late 1990s, the technology bust of 2001 and the recent credit crisis
have negatively impacted balance sheets. The current figure is
considerably lower than the 9.5% figure cited in 2006 by Chairman
(and former PM) Lee Kuan Yew as the return for the first 25 years of
GIC's existence. A chart of the rolling 20-year return showed a
decline of two percentage points since 2005. The decline may simply
reflect the exclusion of GIC's high returns in early years which are
no longer included in the rolling average, but may also indicate
some serious financial losses in the past few years. GIC has taken
heat from Singaporeans for multi-billion dollar investments in
Citigroup and Swiss bank UBS in the past year whose share prices
have since dropped sharply in value.

7. In an apparent attempt to personalize GIC for Singaporeans whose
funds GIC manages, 20 pages of the 48-page report are dedicated to
introducing the members of GIC's various boards of directors and
dozens of managing directors. Only 45 percent of GIC's
approximately 1000 staff is Singaporean, with the rest from
overseas, including 12 percent from the United States. The report
also discloses that one-third of the assets are handled by external
managers, particularly for funds investing in real estate funds,
private equity funds, bond funds, index funds and hedge funds.

New U.S. Investments?
---------------------


SINGAPORE 00001059 002 OF 002


8. GIC's report notes a "more challenging investment environment"
going forward with risks from macroeconomic imbalances and rising
commodity prices, but also emergent opportunities. At a press
conference announcing the release of the report, Group Chief
Investment Officer Ng Kok Song said that the credit crunch in the
United States "would present very interesting opportunities in
impaired assets." With seven percent of its holdings in cash,
approximately USD 20 billion, GIC is well-placed to pick up
distressed assets. Deputy Chairman Tan warned, however, that the
worst of the crisis may not be over and GIC would still be prudent
in its investments.

9. Asset Mix of GIC
% %
Public Equities 44
Developed Markets 34
Emerging Markets 10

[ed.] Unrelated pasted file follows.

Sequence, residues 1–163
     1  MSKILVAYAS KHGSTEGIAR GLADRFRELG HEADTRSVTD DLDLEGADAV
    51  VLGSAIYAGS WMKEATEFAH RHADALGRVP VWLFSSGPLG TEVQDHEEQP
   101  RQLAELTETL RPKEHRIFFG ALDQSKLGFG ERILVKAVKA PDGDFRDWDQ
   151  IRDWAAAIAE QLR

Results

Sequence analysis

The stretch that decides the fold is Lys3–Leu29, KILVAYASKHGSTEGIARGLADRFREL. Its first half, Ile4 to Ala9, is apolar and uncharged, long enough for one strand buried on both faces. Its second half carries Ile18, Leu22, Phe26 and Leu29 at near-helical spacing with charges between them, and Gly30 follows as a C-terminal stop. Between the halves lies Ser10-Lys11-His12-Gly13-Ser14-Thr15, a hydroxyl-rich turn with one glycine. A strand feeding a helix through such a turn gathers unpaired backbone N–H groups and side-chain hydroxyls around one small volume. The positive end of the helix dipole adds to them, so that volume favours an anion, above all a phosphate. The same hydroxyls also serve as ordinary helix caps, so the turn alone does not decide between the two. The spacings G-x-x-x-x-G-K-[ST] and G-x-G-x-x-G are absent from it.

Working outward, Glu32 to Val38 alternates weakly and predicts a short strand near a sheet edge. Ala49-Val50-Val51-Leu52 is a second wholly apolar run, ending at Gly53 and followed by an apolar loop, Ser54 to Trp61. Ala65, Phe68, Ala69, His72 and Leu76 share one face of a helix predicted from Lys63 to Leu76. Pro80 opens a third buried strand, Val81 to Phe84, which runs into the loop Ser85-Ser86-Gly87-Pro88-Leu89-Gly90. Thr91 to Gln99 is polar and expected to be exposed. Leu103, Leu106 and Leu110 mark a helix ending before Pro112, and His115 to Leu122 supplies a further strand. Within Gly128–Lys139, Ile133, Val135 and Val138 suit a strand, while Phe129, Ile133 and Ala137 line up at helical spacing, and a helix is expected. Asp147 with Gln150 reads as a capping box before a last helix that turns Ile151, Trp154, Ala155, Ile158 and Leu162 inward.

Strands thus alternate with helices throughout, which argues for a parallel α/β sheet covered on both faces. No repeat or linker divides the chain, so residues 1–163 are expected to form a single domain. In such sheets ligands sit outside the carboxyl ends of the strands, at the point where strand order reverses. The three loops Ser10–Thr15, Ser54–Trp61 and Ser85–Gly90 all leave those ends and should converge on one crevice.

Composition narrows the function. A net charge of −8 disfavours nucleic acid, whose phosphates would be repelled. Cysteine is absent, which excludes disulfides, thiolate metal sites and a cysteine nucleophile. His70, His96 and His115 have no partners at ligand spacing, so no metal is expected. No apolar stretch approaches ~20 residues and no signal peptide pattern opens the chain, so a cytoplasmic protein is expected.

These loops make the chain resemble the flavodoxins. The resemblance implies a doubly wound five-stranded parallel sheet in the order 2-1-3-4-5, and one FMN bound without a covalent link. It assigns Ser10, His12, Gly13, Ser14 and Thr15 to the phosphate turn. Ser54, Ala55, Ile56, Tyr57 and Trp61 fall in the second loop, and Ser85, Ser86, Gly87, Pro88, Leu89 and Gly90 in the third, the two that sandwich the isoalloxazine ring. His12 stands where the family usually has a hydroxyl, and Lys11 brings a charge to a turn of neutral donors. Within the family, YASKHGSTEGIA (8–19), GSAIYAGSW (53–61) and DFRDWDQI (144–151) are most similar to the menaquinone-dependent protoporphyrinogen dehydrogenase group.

Fixed Income 26
Nominal Bonds 20
Inflation-Linked Bonds 6

Alternatives 23
Real Estate 10
Private Equity, VC & Infrastructure 8
Absolute Return Strategies 3
Natural Resources 2

Cash & Others 7 7
Total 100 100

10. Geographical Distribution of Investments

Americas 40
United States 34
Others 6

Europe 35
United Kingdom 8
France 5
Germany 3
Ireland 3
Italy 3
Switzerland 3
Others 10

Asia 23
Japan 11
China/Hong Kong 4
South Korea 2
Taiwan 2
Others 4

Australia 2 2

Total 100 100

HERBOLD

© Scoop Media

 
 
 
 
 
World Headlines

 

Werewolf: Gordon Campbell On North Korea, Neo-Nazism, And Milo

With a bit of luck the planet won’t be devastated by nuclear war in the next few days. US President Donald Trump will have begun to fixate on some other way to gratify his self-esteem – maybe by invading Venezuela or starting a war with Iran. More>>

Victory Declared: New Stabilisation Funding From NZ As Mosul Is Retaken

New Zealand has congratulated the Iraqi government on the successful liberation of Mosul from ISIS after a long and hard-fought campaign. More>>

Gordon Campbell: On The Current US Moves Against North Korea

If Martians visited early last week, they’d probably be scratching their heads as to why North Korea was being treated as a potential trigger for global conflict... More>>

ALSO:

Gordon Campbell: On The Lessons From Corbyn’s Campaign

Leaving partisan politics aside – and ignoring Jeremy Corbyn’s sensational election campaign for a moment – it has to be said that Britain is now really up shit creek... More>>

ALSO:

Another US Court: Fourth Circuit Rules Muslim Ban Discriminatory

ACLU: Step by step, point by point, the court laid out what has been clear from the start: The president promised to ban Muslims from the United States, and his executive orders are an attempt to do just that. More>>

ALSO:

 
 
 
 
 
 
  • Pacific.Scoop
  • Cafe Pacific
  • PMC